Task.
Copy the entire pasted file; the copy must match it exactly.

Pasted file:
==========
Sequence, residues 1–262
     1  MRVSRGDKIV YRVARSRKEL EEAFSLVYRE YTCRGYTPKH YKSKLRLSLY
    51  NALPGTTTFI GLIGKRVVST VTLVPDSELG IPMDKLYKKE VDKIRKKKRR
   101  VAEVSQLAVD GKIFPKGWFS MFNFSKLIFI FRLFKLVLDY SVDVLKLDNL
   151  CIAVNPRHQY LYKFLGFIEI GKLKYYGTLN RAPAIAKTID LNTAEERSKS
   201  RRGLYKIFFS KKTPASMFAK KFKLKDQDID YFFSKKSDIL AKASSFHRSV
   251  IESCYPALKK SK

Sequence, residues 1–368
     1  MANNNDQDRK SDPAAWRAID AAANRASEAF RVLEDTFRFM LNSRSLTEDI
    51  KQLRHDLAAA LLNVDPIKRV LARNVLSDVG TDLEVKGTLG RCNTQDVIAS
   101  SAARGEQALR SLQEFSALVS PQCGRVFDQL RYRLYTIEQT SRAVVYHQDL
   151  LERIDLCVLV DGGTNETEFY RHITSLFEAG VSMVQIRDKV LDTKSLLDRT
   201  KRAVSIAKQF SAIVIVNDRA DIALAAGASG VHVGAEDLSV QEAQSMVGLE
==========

Sequence, residues 1–262
     1  MRVSRGDKIV YRVARSRKEL EEAFSLVYRE YTCRGYTPKH YKSKLRLSLY
    51  NALPGTTTFI GLIGKRVVST VTLVPDSELG IPMDKLYKKE VDKIRKKKRR
   101  VAEVSQLAVD GKIFPKGWFS MFNFSKLIFI FRLFKLVLDY SVDVLKLDNL
   151  CIAVNPRHQY LYKFLGFIEI GKLKYYGTLN RAPAIAKTID LNTAEERSKS
   201  RRGLYKIFFS KKTPASMFAK KFKLKDQDID YFFSKKSDIL AKASSFHRSV
   251  IESCYPALKK SK

Sequence, residues 1–368
     1  MANNNDQDRK SDPAAWRAID AAANRASEAF RVLEDTFRFM LNSRSLTEDI
    51  KQLRHDLAAA LLNVDPIKRV LARNVLSDVG TDLEVKGTLG RCNTQDVIAS
   101  SAARGEQALR SLQEFSALVS PQCGRVFDQL RYRLYTIEQT SRAVVYHQDL
   151  LERIDLCVLV DGGTNETEFY RHITSLFEAG VSMVQIRDKV LDTKSLLDRT
   201  KRAVSIAKQF SAIVIVNDRA DIALAAGASG VHVGAEDLSV QEAQSMVGLE